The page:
Sri Lankan President Gotabaya Rajapaksa, the entire cabinet will step down in the wake of protests

  • Sri Lanka’s president and cabinet will step down this week to make room for a new government as the country faces an economic crisis.
  • Prime Minister Ranil Wickremesinghe is also set to step down.
  • Protesters have vowed to continue occupying the homes of the president and prime minister until they resign.

Sri Lankan President Gotabaya Rajapaksa and the entire cabinet will step down to make room for a unity government, the prime minister’s office said on Monday after tens of thousands of protesters stormed both men’s official homes.

After Saturday’s extensive protests in the wake of a debilitating economic crisis, the speaker of parliament said Rajapaksa would resign on Wednesday. However, there has been no direct message from Rajapaksa about his plans.

Prime Minister Ranil Wickremesinghe has said he will also step down to allow an interim government with all parties to take over. Wickremesinghe’s office said Rajapaksa had confirmed his resignation plans to the prime minister.

Political instability could hurt the country’s negotiations with the International Monetary Fund (IMF) on a rescue package, the central bank governor told Reuters in an interview.

Governor P. Nandalal Weerasinghe declared that he would remain in office even though he said in May that he could resign if there was no political stability in the island nation.

Asked if he would continue to govern the central bank, Weerasinghe said: “I have the responsibility once I have been appointed to serve for [a] six-year period. “

Leaders of the protest movement said the crowds would continue to occupy the homes of the president and prime minister in Colombo until they finally leave office.

Over the weekend in the president’s house, protesters jumped into the swimming pool, relaxed on a four-poster bed, pushed around on a treadmill and tried on the sofas.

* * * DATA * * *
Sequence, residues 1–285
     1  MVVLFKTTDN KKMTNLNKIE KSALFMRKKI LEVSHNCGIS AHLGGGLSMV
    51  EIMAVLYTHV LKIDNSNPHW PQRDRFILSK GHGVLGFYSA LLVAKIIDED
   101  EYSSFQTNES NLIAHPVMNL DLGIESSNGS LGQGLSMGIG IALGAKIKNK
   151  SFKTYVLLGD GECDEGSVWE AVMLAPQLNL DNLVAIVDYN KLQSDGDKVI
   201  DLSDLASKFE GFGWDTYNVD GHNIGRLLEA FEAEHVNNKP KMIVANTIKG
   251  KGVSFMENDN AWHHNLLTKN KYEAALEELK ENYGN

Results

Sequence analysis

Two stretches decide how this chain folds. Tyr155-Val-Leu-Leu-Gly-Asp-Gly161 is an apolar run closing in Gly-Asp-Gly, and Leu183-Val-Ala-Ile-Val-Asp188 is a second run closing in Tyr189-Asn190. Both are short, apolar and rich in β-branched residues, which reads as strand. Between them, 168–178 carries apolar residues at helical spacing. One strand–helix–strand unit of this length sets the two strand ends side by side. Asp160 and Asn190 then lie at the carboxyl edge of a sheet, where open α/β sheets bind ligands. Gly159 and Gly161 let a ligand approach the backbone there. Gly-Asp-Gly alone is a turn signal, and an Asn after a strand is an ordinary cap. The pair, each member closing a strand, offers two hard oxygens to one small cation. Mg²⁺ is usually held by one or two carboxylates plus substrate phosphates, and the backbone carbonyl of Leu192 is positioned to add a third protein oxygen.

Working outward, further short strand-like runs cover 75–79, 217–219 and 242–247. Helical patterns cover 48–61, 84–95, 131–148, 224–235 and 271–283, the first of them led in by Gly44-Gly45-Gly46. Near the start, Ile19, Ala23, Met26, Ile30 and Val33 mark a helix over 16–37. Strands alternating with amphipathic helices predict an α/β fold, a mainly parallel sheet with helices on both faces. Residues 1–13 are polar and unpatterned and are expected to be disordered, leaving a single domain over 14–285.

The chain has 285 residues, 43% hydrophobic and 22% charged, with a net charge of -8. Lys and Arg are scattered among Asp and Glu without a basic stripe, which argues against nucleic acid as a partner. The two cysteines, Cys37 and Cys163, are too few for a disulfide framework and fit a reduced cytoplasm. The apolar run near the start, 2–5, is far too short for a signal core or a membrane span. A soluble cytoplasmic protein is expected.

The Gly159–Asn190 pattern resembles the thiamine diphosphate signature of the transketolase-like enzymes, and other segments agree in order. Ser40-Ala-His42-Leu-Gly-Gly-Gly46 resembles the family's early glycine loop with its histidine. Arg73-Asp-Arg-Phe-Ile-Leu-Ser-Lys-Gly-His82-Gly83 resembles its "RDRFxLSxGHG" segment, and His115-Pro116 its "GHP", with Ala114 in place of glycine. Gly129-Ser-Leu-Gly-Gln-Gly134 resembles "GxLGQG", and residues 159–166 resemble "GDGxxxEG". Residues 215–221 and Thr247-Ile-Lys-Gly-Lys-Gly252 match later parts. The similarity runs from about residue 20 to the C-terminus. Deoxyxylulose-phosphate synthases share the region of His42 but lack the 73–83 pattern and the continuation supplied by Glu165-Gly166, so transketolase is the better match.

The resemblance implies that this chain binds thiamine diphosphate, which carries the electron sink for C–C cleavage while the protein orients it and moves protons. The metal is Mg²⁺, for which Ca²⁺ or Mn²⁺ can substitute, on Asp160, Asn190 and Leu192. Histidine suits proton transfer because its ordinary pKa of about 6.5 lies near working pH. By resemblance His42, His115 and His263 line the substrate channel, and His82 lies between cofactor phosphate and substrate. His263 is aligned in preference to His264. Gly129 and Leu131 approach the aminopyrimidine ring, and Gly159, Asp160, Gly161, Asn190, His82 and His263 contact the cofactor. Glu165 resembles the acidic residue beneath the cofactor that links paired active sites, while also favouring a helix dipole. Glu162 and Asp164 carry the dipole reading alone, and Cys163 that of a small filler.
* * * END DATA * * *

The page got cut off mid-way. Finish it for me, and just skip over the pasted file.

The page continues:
Colombo was quiet Monday as hundreds of people strolled into the presidential secretariat and residence and toured colonial-era buildings. Police did not try to stop anyone.

“We are not going anywhere until this president leaves and we have a government that is acceptable to the people,” said Jude Hansana, 31, who has been at a protest site outside the residence since early April.

Another protester, Dushantha Gunasinghe, said he had traveled to Colombo from a town 130km away while walking part of the way due to the fuel jam. He said he finally arrived Monday morning.

He said:

I’m so exhausted I can barely speak. I came alone all this way because I think we need to see this through. This government needs to go home, and we need better leaders.

Rajapaksa and Wickremesinghe were not in their homes when protesters stormed the buildings and have not been seen in public since Friday.

Rajapaksa’s whereabouts were not known, but Wickremesinghe’s media team said he was holding a meeting with cabinet ministers at the prime minister’s office on Monday morning.

Wickremesinghe’s private home in a wealthy Colombo suburb was set on fire on Saturday and three suspects have been arrested, police said.

Constitutional experts say that when the president and prime minister formally resign, the next step will be for the speaker to be appointed acting president and for parliament to vote for a new president within 30 days to complete Rajapaksa’s term, which should end in 2024.

Ordinary Sri Lankans have mainly blamed Rajapaksa for the collapse of the tourism-dependent economy, which was hit hard by the Covid-19 pandemic, and a ban on chemical fertilizers that harmed agricultural production. The ban was later lifted.

ALSO READ | Sri Lankan protesters promise not to give up until the president, the prime minister, resigns

State finances were crippled by rising debt and lavish tax breaks provided by the Rajapaksa regime. Foreign exchange reserves were quickly depleted as oil prices rose.

The country has barely dollars left to import fuel, which has been heavily rationed, and long queues have formed in front of shops selling cooking gas. Overall inflation in the country of 22 million hit 54.6% last month, and the central bank has warned that it could rise to 70% in the coming months.

The political crisis sent Sri Lanka’s government bonds, which are already in default, to new lows. The country’s 2025 bond fell as much as 2.25 cents on the dollar, while most were now below 30 cents, or 70% below their face value.

Lutz Roehmeyer of Capitulum Asset Management, which has Sri Lanka dollar bonds, said an IMF deal could happen this year or next, but for bondholders, a restructuring was likely only in 2024 or 2025.

“It’s total chaos,” Roehmeyer said. “The expectation is that the transfer of power will be more chaotic and it will take longer to reach an agreement.”

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Sri Lankan President Gotabaya Rajapaksa, the entire cabinet will step down in the wake of protests

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